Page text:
She calls CABI’s dynamic approach ‘the three horizons for growth’ – which aligns closely with Gartner’s ‘bimodal’ approach – where horizon one is the business-as-usual, keep-the-lights-on operation, and horizon three features the real innovative development.
‘We’ve recruited an innovations developer, who doesn’t go anywhere near any of the business-as-usual stuff, and actually doesn’t even report into the IT manager – she reports to the head of product management,’ says Powell. ‘So she’s a developer but she’s outside the IT structure so that she can take the product concepts that are coming through our product management group and actually test a few things out, throw a few wire frames and chuck a few things over the wall to see what sticks.’
Retooling for digital
With responsibility for creating innovative business strategies and delivering the most effective combination of content and technology, Powell has led the charge to transition CABI’s publishing business to an almost purely digital operation, such that approximately 90% of publishing revenue is now generated by digital products.
She also recognised the potential of using data in innovative ways to increase productivity and make farming more profitable in the developing world through knowledge sharing and science.
Since its inception, CABI has built up a huge amount of information on plants, pests and diseases, including its ‘Abstracts’ database, in which every piece of published agricultural research since 1973 is abstracted and indexed. Combined with a digitised archive dating back to 1912, the whole database comprises some 11 million records, each one linking to an original piece of work.
In 2013, with a century’s worth of growing and changing data locked away in silos, CABI needed a solution that could better meet the needs of tomorrow’s researchers by using its extensive content in a highly powerful and flexible fashion.
It started with the search for a platform to underpin the new customised services for different audiences. Demand for CABI information was growing dramatically, with academics requesting scientific, data-centric information and farmers needing educational and instructional content, such as when and how much to water certain crops. Additionally, CABI had to consider the delivery method – including mobile phones, laptops and paper – for each region and audience.
The organisation had previously tried to build an early warning system based on predictive analytics to alert users to the possibility that certain diseases might be heading their way, but found SQL too restrictive.
It experimented with open-source NoSQL but the compromise on ACID transactions, availability and disaster recovery were unacceptable. Eventually, CABI selected software from NoSQL platform MarkLogic.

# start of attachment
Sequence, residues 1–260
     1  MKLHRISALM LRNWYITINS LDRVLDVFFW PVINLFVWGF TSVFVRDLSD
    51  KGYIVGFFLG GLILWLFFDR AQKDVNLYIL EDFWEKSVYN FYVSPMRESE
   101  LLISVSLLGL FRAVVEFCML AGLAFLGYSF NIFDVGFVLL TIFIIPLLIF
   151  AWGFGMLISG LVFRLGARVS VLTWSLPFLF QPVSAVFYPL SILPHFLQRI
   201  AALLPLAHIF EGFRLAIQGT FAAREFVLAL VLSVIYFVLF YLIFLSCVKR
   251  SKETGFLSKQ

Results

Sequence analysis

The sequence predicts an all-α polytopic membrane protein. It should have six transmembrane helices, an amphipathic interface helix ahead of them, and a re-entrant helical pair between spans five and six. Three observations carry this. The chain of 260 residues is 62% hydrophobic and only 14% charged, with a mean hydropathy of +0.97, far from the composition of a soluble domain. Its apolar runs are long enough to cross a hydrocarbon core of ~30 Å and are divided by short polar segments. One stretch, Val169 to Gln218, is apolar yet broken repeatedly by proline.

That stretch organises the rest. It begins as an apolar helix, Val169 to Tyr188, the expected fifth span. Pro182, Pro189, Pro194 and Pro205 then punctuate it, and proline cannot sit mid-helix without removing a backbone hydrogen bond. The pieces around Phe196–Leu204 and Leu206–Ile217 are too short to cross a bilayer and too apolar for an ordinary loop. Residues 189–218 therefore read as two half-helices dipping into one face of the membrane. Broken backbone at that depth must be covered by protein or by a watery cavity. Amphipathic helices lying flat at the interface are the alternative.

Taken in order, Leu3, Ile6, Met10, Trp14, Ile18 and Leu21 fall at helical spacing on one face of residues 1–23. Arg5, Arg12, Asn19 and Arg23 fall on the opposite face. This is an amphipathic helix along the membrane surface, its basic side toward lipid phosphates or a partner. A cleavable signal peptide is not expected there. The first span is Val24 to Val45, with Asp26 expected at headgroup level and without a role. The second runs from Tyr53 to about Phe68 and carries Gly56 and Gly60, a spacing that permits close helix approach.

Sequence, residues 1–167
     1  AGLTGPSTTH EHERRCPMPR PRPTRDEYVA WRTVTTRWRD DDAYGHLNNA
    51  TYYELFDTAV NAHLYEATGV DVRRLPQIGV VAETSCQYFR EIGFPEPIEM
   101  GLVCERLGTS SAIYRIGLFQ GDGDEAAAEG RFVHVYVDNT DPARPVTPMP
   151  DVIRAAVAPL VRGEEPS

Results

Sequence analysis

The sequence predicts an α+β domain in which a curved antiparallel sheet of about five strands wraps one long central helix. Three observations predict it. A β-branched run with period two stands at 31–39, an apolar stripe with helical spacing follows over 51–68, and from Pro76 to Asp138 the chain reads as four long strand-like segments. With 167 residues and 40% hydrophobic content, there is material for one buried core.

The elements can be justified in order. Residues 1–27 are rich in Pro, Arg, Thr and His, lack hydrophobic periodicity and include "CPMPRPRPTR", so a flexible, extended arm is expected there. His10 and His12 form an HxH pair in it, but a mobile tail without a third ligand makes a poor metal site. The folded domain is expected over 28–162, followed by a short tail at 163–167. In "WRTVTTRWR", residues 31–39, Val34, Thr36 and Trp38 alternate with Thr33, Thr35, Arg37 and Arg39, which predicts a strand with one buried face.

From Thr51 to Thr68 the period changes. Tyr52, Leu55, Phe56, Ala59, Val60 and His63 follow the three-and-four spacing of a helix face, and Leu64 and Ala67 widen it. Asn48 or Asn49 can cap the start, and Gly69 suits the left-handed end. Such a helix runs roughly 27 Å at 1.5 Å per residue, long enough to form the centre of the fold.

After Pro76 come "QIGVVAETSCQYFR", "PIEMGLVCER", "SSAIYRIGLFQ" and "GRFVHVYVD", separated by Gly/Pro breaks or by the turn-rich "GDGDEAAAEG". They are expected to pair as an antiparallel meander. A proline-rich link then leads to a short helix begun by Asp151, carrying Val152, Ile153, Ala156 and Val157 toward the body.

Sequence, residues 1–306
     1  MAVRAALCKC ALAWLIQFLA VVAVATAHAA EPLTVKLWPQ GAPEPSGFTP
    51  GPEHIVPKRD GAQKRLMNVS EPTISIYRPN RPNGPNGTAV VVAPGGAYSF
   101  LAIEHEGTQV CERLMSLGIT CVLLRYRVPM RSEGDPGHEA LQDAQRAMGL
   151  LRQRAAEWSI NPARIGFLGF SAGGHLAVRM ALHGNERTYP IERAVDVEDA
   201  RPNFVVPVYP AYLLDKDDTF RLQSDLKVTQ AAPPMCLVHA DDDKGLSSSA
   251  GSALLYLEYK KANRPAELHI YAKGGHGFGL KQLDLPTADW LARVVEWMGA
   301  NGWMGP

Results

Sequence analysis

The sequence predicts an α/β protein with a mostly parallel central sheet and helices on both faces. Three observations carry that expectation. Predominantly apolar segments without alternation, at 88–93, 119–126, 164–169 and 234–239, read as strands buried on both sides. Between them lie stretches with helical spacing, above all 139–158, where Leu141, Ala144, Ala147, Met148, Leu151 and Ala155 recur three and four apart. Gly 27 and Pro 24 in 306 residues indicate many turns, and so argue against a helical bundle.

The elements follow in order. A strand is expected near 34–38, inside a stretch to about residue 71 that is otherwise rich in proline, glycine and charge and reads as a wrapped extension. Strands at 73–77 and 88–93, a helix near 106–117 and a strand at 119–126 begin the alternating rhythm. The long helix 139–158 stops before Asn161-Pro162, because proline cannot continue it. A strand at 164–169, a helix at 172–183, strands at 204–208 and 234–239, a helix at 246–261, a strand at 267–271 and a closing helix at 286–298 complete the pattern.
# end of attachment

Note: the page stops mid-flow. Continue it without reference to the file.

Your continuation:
‘As an organisation, we either have already within our repositories or we are increasingly gathering lots of structured and unstructured data around the issue of plant pest and diseases,’ says Powell. ‘That’s our core expertise – plant health.’
Through its Plantwise programme, which aims to reduce crop losses and improve food security by collecting and sharing information about plant health, CABI is collecting a lot of data from its clinics in 34 developing countries.
This includes information about the presence of particular crop pests, what they’re attacking, what treatments have been recommended and where they’re spreading to.
‘There is a lot of data coming into our systems,’ says Powell, ‘and up until MarkLogic we were using SQL and fairly structured ways of managing that data. The data grows, and as our interest in interrogating it grows we need a much more flexible approach.
‘We also needed the ability to be able to blend very structured data with very unstructured data. What we’re trying to do is compile as much information about plant pest and disease as we can, from all different sources, and then interrogate it using various algorithms and hypotheses to come up with new insights and discoveries.’
Powell’s aim is to aggregate all the data and overlay hypotheses to see what might happen based on historical information, using MarkLogic’s semantics and knowledge graph capabilities.
CABI will then be able to help identify where in the world, for example, a particular pest might strike next, and help farmers in those regions plan ahead to mitigate its impact. Other plans include the provision of a range of region-specific mobile phone apps providing agricultural advisory services for farmers.
The work in this field, led by Powell, scored CABI the ‘Best in Class’ accolade for the public sector and not-for-profit category at the Data 50 Awards.
‘I’m honoured to receive this award on behalf of CABI,’ Powell said at the ceremony. ‘Our staff have embraced digital transformation and truly innovated with new technology. They should be proud of what they’ve achieved and the lives they’ve touched.’